The Maine Legislature recently voted to override the veto of Republican Governor Paul LePage of bill L.D. 415. L.D. 415 requires law enforcement agencies to procure a warrant to obtain location information of electronic devices which are GPS enabled. L.D. 415 also requires that the State notify the owner or user of the device being tracked within 3 days of obtaining the location information. As with almost any law that restricts government intrusion, there are some exceptions to the warrant requirement. Specifically, a warrant requirement is not required for emergency users, with owner’s consent, or where there is an immediate risk of death or harm.
Why is this big news? For starters, the type of information gathering that L.D. 415 will apply to, has essentially being going on without any privacy protection for citizens. But we can probably reasonably assume that the government agencies most need a pretty serious justification before tracking a gps device right? Maybe not. According a recent study by the ACLU, over 250 of the 380 police departments surveyed used gps tracking methods. Even more importantly, only a tiny fraction of those departments had any real safeguards in place with regard to obtaining such information.
The ability to track a cellphone or other device is more than just a momentary lock on a person’s location. It is the ability to see where and deduce what a particular person or group of persons is doing. It is an extraordinary power that police can wield with little effort. This is not the beige sedan 2 cars back following a suspect for a few hours or days. This is a surreptitious, zero-effort, total backstage pass to a person’s life and habits.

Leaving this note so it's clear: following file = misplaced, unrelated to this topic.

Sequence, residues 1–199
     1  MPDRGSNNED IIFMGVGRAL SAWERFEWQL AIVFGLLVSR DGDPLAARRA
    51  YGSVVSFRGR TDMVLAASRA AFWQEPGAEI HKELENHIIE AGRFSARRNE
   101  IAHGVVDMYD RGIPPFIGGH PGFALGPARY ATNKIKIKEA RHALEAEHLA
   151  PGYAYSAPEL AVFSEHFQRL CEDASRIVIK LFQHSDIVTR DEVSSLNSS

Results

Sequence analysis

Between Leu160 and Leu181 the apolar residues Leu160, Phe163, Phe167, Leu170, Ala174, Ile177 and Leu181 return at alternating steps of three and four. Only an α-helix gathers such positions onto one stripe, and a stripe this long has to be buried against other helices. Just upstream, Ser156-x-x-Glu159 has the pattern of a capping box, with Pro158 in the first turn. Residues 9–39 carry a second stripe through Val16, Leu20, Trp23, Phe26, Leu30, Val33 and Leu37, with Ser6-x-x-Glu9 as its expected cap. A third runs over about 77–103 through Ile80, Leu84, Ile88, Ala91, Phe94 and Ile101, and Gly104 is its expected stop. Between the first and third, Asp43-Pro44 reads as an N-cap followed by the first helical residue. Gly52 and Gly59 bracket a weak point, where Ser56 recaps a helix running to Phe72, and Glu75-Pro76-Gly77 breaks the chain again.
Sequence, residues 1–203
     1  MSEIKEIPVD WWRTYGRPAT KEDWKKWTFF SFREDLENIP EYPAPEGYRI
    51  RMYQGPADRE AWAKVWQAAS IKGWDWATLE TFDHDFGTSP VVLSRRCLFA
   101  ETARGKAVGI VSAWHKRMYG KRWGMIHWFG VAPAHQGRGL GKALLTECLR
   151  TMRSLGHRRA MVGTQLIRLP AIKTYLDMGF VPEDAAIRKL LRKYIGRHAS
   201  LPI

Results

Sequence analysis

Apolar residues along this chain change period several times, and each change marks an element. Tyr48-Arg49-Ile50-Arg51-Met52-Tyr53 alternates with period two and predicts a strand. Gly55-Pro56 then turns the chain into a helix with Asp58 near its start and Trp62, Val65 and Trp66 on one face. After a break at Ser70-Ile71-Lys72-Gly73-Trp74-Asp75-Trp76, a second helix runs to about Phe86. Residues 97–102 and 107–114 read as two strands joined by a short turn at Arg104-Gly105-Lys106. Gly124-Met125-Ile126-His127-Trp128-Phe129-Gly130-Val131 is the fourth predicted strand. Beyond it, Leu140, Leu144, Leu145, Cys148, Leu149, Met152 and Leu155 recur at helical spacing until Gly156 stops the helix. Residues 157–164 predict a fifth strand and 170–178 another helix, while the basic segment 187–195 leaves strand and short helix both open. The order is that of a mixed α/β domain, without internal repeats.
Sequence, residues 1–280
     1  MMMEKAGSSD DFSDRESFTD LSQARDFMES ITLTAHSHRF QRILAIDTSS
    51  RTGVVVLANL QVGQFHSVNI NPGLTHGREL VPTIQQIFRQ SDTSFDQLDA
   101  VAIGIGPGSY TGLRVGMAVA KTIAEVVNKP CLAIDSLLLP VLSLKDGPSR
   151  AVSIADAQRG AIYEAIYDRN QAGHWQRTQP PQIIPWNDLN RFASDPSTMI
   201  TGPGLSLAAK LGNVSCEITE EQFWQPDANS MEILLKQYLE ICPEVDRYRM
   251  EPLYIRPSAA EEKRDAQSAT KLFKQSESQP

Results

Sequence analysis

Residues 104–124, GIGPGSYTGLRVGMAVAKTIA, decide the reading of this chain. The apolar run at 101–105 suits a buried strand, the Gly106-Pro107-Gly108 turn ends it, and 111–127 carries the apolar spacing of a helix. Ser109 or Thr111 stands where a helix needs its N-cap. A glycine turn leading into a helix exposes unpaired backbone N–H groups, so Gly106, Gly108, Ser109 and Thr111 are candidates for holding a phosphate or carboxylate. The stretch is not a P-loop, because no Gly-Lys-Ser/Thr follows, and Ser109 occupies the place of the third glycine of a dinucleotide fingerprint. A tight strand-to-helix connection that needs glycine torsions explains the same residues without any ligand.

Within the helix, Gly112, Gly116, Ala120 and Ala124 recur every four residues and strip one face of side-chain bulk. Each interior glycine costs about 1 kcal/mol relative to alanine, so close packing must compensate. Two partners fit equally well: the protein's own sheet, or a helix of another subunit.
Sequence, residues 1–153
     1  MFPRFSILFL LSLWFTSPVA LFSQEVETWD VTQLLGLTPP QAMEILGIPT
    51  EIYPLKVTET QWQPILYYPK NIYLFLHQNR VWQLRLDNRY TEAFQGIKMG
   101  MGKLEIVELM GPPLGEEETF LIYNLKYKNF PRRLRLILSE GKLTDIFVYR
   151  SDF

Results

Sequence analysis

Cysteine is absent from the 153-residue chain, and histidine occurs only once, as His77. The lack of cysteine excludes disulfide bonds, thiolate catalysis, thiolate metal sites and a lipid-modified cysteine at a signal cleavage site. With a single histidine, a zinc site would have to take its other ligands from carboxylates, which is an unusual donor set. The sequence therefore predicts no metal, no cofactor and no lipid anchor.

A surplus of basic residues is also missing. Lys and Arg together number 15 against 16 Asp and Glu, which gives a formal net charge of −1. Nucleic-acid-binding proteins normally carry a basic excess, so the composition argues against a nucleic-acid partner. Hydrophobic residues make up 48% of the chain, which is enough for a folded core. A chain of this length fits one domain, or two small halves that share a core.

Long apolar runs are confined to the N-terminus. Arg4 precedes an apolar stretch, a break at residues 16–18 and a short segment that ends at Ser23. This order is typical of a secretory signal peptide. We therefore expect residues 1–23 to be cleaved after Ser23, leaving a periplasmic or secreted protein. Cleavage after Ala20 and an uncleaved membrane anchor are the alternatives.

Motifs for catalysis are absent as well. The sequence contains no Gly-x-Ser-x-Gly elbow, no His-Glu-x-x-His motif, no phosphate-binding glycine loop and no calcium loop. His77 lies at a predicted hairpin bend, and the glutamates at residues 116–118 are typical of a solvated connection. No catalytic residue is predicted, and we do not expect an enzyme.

I think the Maine Legislature did the right thing and required that at a minimum, police must have probable cause in order to obtain this type of information. Judicial oversight into the invasion of American privacy is never a bad thing.
A quick update on the state of law and cellphone tracking. Maine has now become the second state to pass a law restricting cellphone tracking (the other is Montana). The U.S. Court of Appeals for the Sixth Circuit held in 2012 that police did not violate the constitutional rights of a man convicted of drug trafficking when they monitored his gps enabled phone. In a decision that conjures up images of a biased little league umpire, Judge Rogers writes that “[u]nfortunately for the drug runners, the phones were trackable in a way they may not have suspected. The Constitution, however, does not protect their erroneous expectations regarding the undetectability of their modern tools. The U.S. Supreme Court has not addressed the issue specifically, but has held that placing gps tracking devices in an individual’s car does violate their Fourth Amendment Rights.